Mirror therapy has been proposed as an effective intervention for lower limb rehabilitation post stroke.
This systematic review with meta-analysis examined if lower limb mirror therapy improved the primary outcome measures of muscle tone and motor function and the secondary outcome measures balance characteristics, functional ambulation, walking velocity, passive range of motion (PROM) for ankle dorsiflexion and gait characteristics in patients with stroke compared to other interventions.
Standardised mean differences (SMD) and mean differences (MD) were used to assess the effect of mirror therapy on lower limb functioning.
Nine studies were included in the review. Among the primary outcome measures there was evidence of a significant effect of mirror therapy on motor function compared with sham and non-sham interventions (SMD 0.54; 95% CI 0.24-0.93). Furthermore, among the secondary outcome measures there was evidence of a significant effect of mirror therapy for balance capacity (SMD -0.55; 95% CI -1.01 to -0.10), walking velocity (SMD 0.71; 95% CI 0.35-1.07), PROM for ankle dorsiflexion (SMD 1.20; 95% CI 0.71-1.69) and step length (SMD 0.56; 95% CI -0.00 to 1.12).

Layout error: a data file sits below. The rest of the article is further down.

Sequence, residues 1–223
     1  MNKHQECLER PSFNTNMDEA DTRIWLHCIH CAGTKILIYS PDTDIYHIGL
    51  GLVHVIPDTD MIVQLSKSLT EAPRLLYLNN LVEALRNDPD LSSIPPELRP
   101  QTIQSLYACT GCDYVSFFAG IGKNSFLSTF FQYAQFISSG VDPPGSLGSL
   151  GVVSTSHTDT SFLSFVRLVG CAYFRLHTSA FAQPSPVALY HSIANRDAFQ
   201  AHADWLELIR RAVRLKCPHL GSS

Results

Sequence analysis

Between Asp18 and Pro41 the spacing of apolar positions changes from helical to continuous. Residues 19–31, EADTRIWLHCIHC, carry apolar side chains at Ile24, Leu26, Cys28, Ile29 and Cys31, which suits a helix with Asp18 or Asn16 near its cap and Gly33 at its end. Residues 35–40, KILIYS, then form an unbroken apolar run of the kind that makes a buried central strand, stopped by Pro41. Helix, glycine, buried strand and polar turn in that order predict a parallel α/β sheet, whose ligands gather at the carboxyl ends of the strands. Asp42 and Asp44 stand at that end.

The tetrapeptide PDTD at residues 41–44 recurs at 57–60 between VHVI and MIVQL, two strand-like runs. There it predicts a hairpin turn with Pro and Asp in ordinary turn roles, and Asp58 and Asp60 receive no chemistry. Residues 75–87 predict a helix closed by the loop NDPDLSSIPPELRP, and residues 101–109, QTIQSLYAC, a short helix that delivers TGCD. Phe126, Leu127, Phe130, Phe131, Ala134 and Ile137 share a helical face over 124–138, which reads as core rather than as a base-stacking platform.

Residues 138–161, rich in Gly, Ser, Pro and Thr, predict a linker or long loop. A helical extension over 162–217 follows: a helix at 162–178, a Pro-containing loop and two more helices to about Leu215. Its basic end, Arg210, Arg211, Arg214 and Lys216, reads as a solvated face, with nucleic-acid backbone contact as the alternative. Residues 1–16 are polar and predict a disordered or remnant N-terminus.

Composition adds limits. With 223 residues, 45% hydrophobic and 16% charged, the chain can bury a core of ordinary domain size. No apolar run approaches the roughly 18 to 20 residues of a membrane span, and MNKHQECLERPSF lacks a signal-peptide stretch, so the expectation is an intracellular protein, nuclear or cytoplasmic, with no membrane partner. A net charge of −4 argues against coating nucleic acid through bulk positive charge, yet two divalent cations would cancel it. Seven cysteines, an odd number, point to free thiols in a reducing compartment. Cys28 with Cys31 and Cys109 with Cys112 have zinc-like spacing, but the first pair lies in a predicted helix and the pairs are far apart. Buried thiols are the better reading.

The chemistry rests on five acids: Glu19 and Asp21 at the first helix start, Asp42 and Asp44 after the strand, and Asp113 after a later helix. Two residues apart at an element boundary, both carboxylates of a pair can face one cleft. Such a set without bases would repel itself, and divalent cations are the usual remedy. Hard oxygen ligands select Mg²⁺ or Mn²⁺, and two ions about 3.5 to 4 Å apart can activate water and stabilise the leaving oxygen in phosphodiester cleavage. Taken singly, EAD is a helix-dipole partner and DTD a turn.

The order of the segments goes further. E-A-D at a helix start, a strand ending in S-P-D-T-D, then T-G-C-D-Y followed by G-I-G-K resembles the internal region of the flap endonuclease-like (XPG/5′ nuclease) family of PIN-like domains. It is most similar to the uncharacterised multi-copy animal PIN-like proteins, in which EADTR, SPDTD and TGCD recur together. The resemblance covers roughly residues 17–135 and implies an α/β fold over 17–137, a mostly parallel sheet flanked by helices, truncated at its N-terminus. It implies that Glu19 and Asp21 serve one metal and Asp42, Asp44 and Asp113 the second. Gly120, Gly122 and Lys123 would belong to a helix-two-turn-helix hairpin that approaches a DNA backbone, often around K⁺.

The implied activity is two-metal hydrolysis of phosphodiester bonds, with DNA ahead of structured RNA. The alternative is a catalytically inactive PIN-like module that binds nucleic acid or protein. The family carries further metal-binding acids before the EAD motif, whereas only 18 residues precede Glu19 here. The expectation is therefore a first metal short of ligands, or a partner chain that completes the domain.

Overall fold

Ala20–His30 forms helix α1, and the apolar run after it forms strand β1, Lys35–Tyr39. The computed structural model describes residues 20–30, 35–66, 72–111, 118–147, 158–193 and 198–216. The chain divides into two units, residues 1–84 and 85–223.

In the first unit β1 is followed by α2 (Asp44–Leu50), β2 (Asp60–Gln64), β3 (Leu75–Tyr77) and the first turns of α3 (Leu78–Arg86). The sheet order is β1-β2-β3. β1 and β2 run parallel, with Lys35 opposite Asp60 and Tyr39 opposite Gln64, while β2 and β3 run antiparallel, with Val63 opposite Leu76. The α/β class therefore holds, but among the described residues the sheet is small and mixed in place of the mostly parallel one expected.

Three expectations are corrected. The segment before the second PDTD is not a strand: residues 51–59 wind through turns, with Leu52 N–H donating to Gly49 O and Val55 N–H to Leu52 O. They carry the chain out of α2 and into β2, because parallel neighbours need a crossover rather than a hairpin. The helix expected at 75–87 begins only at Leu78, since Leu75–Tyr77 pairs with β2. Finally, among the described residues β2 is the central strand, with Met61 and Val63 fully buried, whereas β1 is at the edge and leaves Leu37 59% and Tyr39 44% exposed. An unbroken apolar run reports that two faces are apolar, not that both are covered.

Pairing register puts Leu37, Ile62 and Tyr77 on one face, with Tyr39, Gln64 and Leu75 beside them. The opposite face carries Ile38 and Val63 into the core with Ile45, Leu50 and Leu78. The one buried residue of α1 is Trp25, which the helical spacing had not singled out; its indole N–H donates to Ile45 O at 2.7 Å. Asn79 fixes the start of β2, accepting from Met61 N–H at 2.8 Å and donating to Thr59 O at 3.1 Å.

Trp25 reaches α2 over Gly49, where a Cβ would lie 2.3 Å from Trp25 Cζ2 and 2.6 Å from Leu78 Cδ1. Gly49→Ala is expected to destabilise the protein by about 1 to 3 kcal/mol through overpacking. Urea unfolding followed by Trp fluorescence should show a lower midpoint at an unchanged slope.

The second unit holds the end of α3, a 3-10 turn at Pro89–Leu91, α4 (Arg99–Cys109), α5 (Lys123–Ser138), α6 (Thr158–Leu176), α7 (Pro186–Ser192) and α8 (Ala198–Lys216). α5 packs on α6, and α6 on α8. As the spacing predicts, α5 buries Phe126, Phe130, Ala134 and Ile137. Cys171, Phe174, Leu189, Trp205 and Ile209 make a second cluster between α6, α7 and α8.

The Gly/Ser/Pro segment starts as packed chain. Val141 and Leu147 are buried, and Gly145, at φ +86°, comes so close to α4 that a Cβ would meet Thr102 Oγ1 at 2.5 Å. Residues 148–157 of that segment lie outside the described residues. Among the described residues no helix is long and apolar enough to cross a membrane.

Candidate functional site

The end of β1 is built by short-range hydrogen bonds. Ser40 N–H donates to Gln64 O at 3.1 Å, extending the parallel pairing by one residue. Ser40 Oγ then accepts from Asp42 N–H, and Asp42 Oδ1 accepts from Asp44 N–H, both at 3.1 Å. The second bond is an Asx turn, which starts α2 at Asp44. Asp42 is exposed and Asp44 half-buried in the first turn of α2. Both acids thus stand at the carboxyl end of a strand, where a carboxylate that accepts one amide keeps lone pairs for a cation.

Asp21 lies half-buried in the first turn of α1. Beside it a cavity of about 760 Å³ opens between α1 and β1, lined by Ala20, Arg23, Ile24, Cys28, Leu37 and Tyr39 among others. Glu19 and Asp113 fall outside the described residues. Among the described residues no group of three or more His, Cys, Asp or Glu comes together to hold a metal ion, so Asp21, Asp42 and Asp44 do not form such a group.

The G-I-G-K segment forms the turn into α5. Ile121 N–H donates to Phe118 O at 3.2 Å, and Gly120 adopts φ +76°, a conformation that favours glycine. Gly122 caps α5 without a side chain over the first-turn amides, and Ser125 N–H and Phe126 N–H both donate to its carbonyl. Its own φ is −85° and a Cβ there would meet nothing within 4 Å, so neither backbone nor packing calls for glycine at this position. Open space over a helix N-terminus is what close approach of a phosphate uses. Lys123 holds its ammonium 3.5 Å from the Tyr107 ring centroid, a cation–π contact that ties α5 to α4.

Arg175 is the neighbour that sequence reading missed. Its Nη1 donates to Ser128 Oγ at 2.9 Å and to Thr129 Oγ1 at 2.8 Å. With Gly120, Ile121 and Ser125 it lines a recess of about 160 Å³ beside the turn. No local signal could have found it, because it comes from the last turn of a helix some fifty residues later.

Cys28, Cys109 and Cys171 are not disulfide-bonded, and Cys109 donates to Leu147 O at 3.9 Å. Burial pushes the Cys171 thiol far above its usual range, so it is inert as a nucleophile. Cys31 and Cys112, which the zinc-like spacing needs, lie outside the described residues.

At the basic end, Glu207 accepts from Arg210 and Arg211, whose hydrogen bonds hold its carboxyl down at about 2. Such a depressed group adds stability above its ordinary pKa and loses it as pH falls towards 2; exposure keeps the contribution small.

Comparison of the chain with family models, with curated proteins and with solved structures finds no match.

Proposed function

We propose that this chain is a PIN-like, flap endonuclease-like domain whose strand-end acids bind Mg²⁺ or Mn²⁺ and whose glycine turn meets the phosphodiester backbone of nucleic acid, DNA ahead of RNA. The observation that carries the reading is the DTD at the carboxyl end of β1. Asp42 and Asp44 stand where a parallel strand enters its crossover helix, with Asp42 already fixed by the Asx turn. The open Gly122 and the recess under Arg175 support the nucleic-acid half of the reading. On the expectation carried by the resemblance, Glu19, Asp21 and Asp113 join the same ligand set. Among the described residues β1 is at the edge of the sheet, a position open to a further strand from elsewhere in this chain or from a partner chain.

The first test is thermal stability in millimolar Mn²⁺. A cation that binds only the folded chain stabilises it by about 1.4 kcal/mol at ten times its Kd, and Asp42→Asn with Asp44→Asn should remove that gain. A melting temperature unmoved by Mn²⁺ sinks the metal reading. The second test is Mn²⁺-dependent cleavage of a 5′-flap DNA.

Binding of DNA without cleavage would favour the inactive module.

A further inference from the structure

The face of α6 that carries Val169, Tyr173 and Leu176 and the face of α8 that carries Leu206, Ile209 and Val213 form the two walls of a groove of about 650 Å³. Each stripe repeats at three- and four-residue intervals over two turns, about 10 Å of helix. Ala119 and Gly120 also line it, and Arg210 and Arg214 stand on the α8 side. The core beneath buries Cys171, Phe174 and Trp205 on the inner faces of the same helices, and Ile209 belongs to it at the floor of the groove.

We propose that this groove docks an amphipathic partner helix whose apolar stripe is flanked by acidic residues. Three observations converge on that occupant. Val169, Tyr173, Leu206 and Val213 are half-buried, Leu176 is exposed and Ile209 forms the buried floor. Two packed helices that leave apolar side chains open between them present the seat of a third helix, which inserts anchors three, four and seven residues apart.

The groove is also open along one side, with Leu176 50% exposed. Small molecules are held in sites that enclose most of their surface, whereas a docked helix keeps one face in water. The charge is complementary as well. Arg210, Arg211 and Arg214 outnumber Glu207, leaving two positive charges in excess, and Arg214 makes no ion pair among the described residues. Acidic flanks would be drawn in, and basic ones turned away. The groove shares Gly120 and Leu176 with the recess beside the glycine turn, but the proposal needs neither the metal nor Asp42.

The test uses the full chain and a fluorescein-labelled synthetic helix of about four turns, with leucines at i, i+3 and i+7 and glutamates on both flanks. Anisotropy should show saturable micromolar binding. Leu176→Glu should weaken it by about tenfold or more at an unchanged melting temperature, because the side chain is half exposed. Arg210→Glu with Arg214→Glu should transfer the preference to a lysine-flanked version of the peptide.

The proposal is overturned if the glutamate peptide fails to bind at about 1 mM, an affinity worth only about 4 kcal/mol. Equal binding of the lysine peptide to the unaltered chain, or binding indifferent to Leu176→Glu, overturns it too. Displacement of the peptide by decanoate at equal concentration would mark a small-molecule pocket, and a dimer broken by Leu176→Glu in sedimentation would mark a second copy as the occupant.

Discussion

The results indicate that using mirror therapy for the treatment of certain lower limb deficits in patients with stroke may have a positive effect. Although results are somewhat positive, overly favourable interpretation is cautioned due to methodological issues concerning included studies.